The Maldives are a tiny nation with a fragile environment and a fragile democracy. The effects of global warming are a serious threat. Rising sea levels threaten the country's tourism-dependent economy and the very existence of the country.
The Maldives are comprised of nearly 1,200 islands and atolls in the Indian Ocean. The combined land mass of all the islands is 115 square miles--approximately twice the size of Washington, DC. Climate change and rising sea levels are of great concern to the Maldives, which is only 8 feet above sea level at its highest point. As global warming causes the polar ice caps melt and sea levels to rise, the Maldives' entire existence is in jeopardy.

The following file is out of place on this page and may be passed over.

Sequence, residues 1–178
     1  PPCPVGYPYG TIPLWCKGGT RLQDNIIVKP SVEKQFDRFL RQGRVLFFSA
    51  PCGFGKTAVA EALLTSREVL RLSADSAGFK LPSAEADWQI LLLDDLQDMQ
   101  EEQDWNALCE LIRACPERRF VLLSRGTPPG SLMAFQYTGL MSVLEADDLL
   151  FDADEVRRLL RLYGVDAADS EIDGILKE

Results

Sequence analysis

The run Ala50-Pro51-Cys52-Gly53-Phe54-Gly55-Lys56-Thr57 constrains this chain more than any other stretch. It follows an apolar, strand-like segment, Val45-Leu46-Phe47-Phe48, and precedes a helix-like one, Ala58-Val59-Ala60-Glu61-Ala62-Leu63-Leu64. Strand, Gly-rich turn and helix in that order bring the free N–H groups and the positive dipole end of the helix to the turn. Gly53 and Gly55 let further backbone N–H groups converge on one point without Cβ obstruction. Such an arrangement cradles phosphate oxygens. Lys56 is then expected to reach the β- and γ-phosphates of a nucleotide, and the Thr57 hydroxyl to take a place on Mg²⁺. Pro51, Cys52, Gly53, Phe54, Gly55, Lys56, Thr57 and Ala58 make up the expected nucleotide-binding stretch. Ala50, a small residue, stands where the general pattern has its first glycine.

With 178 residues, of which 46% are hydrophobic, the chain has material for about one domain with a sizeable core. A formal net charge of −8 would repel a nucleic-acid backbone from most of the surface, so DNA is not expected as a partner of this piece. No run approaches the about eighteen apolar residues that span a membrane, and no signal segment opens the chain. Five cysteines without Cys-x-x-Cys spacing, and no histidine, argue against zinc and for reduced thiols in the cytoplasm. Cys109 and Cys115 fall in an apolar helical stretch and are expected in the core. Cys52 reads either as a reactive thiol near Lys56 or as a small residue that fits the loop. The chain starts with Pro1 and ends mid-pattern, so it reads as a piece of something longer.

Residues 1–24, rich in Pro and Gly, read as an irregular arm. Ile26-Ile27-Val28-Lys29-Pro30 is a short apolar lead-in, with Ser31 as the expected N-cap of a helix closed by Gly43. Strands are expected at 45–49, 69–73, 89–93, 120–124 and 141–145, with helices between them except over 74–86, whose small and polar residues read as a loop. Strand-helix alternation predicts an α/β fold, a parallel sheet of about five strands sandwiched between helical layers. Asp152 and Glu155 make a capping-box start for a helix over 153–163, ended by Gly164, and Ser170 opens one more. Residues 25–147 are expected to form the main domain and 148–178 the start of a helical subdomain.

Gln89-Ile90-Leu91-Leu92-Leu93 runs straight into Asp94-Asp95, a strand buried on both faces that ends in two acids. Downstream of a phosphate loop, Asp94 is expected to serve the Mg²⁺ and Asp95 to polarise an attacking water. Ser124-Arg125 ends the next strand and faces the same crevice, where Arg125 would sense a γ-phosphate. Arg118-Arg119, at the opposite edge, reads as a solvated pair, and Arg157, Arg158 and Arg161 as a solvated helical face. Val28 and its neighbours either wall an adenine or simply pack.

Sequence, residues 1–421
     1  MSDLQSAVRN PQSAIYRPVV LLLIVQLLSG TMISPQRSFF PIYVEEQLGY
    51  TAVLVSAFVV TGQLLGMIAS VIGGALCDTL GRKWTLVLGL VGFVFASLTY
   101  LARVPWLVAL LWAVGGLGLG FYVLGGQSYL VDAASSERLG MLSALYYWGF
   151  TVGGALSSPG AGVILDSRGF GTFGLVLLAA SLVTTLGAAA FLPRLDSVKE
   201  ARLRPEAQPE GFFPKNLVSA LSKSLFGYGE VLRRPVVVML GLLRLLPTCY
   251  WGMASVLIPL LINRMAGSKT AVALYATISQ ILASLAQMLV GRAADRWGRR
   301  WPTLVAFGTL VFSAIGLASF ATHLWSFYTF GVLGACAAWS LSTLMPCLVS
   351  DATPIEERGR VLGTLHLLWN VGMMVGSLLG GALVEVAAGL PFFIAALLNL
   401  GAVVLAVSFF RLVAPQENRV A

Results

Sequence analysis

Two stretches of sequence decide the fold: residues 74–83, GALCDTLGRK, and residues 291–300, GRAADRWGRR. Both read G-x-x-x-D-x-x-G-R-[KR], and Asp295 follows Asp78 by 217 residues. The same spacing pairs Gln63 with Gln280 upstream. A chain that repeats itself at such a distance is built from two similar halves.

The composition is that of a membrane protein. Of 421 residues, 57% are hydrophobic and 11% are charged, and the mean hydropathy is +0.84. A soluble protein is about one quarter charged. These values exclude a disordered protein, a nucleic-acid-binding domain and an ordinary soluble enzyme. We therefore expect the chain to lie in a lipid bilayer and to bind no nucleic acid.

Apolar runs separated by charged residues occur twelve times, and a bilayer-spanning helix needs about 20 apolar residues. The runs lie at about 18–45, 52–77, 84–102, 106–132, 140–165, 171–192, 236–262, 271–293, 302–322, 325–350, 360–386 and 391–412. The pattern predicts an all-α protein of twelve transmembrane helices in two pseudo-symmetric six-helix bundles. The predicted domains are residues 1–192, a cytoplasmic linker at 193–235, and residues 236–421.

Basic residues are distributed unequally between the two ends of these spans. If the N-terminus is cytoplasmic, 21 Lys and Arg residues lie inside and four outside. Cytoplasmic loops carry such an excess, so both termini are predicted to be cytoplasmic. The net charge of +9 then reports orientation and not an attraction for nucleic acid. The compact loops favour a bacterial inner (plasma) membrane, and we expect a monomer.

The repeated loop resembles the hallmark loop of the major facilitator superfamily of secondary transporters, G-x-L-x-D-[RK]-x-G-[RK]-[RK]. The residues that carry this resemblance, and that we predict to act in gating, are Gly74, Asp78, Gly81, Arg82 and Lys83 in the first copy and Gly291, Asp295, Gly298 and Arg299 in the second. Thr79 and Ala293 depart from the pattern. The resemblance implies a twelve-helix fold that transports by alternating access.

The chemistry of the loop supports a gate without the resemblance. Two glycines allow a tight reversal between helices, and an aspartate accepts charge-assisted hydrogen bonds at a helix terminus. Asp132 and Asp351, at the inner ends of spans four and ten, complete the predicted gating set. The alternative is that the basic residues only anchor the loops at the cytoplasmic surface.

In the near future, climate change will affect the the Maldives' economy. Every year, hundreds of thousands of tourists flock to the Maldives' beautiful resorts and beaches. Tourism accounts for 28 percent of the country's GDP and for more than 60 percent of the Maldives' foreign exchange. The vast majority of government revenue (approximately 90 percent) comes from import duties and tourism-related taxes.